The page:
Differences among red-skinned potato cultivars and their response to Meloidogyne species

  • B. Kandouh Department of Plant and Environmental Protection Sciences, University of Hawaii, Honolulu, HI 96822
  • B. Sipes Department of Plant and Environmental Protection Sciences, University of Hawaii, Honolulu, HI 96822
Keywords: Meloidogyne incognita, Meloidogyne javanica, Meloidogyne konaensis, Solanum tuberosum

Abstract

The reproduction and damage caused by Meloidogyne incognita, M. javanica, and M. konaensis were compared on the red-skinned potato cultivars Desiree, Mountain Rose, Pink Pearl, and Red Thumb. Desiree was susceptible to the rootknot nematodes evaluated and exhibited tolerance to the nematodes as well. Mountain Rose was resistant and tolerant to M. incognita and M. konaensis but susceptible and intolerant to M. javanica. Pink Pearl was susceptible to all three nematode species and was tolerant to M. javanica and M. konaensis but not to M. incognita. Red Thumb was susceptible to M. incognita but resistant to M. javanica and M. konaensis. Red Thumb was intolerant to all three root-knot nematode species. Penetration and nematode development were evaluated in another experiment. Fewer M. incognita penetrated Mountain Rose than M. javanica (7% vs. 39% of inoculated J2). The few M. incognita that penetrated Mountain Rose developed slowly, and males were observed in Mountain Rose tubers that were infected with M. incognita. On Red Thumb, penetration by M. incognita was higher (38%) than M. javanica (13%), and M. incognita developed faster reaching a fourth-stage juvenile in 12 days. A unique relationship and specific interaction between Mountain Rose and M. incognita and between Red Thumb and M. javanica was found. Further understanding of this specific resistance might be useful and practical in breeding potato resistant to multiple species of Meloidogyne.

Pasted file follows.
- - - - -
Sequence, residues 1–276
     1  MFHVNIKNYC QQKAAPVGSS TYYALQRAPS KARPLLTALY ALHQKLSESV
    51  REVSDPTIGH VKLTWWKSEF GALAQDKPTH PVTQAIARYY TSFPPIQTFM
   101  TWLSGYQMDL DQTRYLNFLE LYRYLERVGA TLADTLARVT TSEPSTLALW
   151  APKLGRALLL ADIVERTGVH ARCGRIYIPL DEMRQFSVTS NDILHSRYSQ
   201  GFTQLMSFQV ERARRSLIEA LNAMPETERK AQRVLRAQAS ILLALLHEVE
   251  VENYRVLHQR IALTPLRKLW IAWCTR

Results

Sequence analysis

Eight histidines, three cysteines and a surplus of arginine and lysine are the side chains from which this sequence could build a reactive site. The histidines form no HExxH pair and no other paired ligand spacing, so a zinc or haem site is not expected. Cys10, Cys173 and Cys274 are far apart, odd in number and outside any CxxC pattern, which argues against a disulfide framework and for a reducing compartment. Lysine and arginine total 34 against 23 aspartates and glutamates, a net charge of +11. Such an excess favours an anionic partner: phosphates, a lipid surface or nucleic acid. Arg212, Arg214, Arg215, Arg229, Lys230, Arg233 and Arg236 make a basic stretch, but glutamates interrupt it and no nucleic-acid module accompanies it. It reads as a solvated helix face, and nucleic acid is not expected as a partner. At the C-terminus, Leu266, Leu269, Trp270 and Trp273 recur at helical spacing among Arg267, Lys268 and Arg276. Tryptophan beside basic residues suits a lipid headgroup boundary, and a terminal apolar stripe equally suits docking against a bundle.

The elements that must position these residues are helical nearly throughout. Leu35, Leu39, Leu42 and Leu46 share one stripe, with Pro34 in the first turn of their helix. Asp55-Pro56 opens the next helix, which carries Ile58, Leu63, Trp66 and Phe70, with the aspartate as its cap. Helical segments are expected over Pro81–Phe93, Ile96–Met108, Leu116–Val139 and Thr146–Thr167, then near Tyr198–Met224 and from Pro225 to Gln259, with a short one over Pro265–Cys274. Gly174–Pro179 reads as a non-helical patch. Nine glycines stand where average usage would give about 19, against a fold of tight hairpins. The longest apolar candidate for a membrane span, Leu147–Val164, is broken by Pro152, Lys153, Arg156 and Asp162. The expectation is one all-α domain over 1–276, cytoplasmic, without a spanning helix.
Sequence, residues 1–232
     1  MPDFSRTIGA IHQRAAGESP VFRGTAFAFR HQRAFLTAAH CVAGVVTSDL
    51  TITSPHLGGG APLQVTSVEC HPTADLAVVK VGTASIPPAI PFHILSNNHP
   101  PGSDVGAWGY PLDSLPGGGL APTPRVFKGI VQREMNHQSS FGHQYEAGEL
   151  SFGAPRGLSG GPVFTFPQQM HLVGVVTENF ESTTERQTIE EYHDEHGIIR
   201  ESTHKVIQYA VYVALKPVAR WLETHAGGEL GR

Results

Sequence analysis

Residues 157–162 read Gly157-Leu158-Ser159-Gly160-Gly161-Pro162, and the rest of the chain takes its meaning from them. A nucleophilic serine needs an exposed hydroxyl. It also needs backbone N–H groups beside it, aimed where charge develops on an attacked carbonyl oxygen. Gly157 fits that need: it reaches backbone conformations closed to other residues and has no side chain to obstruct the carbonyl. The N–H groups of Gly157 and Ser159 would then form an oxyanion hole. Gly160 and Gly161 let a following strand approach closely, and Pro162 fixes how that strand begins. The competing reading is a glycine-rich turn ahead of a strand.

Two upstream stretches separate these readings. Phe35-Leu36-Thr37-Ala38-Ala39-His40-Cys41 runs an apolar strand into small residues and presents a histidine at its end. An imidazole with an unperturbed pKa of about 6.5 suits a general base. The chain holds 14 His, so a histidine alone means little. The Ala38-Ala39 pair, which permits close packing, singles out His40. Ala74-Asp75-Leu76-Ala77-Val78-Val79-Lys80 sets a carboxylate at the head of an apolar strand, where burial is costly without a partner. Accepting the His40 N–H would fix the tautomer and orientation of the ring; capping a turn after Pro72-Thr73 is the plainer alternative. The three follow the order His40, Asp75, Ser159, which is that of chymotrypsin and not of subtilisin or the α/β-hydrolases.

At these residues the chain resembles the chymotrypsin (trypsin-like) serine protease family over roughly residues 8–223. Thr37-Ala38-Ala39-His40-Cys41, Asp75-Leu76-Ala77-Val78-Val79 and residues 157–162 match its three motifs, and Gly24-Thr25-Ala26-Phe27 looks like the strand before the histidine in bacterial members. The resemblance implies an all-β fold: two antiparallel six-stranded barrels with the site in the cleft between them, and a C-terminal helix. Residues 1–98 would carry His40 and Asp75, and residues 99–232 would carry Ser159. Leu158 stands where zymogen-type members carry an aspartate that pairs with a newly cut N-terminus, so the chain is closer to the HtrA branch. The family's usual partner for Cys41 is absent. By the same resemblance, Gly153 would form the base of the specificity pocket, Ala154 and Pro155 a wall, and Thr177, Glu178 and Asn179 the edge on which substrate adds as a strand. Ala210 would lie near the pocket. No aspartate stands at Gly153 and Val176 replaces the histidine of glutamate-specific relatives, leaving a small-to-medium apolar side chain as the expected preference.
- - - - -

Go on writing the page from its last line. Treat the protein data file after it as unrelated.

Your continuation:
Published
2014-06-01
Section
Articles